The fact is, the growth of the commercial connected lighting industry is reliant on wireless technology for its ability to reliably connect hundreds, and even thousands of lighting devices in complex commercial settings. Industry leaders like Osram, Signify, and others have developed lighting control systems based on Bluetooth mesh that are free of wiring, use less power, and offer more flexibility in deployment. Deployed in settings across enterprise, retail, and manufacturing, wireless lighting systems also enable control strategies that digitize and optimize a building with services like space utilization, occupancy management, and indoor positioning.

The path to accelerated adoption

With technology milestones and global revenue expected to quadruple in the next decade, the future of the commercial connected lighting market is bright (Guidehouse Insights, linked above). Energy savings, LED technology, and a steady advance of the IoT and connected devices will continue to drive adoption. At the same time, wireless technologies are expected to spur even greater market growth and address many of the remaining adoption barriers. There will still be challenges to overcome, but the ubiquity of lighting in commercial settings will cement its role in the future of smart buildings it’s simply a matter of reaching its fullest potential.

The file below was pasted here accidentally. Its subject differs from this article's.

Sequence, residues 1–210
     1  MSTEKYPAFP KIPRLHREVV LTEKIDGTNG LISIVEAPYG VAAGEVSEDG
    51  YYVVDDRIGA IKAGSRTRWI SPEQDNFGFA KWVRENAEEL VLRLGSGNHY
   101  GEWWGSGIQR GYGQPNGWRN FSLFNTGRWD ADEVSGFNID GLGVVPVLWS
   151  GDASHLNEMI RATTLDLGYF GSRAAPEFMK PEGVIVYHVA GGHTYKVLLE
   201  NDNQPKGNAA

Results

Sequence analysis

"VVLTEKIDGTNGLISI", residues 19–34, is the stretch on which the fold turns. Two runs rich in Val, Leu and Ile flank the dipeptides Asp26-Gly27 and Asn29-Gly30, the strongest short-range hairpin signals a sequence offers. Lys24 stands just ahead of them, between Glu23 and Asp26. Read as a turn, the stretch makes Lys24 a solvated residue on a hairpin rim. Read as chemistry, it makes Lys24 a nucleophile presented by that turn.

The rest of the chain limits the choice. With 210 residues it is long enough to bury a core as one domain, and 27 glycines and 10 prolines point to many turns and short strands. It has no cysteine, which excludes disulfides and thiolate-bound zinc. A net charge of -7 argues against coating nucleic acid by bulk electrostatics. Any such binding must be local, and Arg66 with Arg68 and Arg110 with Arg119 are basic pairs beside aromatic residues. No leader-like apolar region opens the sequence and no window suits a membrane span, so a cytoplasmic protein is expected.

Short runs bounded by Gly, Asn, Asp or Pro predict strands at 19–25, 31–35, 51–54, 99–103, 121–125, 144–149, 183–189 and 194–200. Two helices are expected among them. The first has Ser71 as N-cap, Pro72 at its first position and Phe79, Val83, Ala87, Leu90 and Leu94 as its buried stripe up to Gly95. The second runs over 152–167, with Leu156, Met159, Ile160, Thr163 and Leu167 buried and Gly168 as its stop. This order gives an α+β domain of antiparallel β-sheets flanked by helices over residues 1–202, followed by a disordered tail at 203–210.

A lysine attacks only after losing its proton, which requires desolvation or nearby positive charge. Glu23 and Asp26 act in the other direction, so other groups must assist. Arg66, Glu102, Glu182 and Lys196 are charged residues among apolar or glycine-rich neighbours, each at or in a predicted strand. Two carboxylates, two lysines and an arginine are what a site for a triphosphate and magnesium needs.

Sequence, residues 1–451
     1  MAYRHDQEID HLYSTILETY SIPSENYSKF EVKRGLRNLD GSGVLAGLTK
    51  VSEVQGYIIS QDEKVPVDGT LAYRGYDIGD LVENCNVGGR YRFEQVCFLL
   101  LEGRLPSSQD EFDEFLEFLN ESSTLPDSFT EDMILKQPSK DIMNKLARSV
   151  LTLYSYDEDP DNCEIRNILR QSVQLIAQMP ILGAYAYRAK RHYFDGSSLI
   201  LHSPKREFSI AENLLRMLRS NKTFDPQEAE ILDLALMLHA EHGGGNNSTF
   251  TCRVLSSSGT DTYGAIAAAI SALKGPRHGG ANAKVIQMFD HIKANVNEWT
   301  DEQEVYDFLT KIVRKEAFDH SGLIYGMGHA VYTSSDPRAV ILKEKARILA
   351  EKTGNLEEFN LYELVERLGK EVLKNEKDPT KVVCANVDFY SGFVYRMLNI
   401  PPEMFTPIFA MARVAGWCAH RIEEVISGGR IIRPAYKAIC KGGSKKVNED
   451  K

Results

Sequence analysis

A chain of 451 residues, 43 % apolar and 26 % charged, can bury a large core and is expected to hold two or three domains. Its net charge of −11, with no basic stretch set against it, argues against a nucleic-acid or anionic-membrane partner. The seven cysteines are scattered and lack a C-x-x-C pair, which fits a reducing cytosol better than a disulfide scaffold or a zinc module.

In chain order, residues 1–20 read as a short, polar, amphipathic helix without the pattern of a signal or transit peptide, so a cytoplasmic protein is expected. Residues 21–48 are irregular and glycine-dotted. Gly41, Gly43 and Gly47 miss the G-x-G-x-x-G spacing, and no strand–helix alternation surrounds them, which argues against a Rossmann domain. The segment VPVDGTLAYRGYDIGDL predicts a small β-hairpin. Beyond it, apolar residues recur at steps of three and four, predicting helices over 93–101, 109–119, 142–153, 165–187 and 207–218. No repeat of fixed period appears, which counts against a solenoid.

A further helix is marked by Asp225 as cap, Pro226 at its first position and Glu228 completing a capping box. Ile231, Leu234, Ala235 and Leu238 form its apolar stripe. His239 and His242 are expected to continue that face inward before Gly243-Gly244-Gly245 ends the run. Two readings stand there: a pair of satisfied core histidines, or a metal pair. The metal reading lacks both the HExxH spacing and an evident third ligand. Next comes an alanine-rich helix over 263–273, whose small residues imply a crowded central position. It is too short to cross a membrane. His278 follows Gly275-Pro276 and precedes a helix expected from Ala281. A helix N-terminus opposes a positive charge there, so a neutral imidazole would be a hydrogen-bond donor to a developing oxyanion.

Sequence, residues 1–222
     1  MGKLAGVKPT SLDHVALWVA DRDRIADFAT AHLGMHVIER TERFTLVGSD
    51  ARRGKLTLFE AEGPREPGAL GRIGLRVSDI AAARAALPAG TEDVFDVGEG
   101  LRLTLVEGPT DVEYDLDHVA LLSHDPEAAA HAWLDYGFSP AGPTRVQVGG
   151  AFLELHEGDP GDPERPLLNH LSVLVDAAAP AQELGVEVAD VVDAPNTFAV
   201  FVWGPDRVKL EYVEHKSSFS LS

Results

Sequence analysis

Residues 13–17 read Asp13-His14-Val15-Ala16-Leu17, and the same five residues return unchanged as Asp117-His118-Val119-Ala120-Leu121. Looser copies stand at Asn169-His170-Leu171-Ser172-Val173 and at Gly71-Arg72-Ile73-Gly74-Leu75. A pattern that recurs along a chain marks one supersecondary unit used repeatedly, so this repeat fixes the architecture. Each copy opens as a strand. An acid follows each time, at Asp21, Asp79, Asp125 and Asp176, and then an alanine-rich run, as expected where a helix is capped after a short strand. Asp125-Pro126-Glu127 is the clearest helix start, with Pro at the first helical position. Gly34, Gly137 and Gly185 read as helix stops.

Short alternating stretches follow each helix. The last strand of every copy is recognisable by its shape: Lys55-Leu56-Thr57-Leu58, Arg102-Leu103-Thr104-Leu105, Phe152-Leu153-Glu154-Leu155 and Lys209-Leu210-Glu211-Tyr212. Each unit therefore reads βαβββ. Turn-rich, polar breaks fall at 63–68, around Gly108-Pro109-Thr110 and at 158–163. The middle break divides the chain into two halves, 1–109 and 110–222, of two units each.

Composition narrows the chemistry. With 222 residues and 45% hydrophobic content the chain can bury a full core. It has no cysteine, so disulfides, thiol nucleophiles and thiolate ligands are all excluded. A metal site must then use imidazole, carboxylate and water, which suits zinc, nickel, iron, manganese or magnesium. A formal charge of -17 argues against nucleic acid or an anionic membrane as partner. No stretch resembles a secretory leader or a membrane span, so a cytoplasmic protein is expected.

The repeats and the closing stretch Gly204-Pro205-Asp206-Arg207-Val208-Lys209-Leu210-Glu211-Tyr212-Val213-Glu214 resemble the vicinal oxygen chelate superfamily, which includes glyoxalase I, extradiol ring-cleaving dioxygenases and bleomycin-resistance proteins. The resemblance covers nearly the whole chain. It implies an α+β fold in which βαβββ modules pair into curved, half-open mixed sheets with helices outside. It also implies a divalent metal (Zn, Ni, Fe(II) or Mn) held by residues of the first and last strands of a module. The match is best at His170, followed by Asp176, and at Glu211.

Get to know our expert

HENRY WONG is responsible for market development at Bluetooth SIG. In his role, he works with Bluetooth member companies and other influencers to identify opportunities in strategic markets and create development plans and programs to realize the opportunity. Prior to Bluetooth SIG, Wong held various leadership positions with Wacom, Cypress Semiconductor, DTS, Integrated Device Technology, Infineon Technologies, Philips, Intel, and others across three continents. In addition to his progressive experience from IC design to product marketing, business development, product management, and product development, Wong is an inventor with multiple patents. He holds a B.S. in computer and systems engineering from Rensselaer Polytechnic Institute.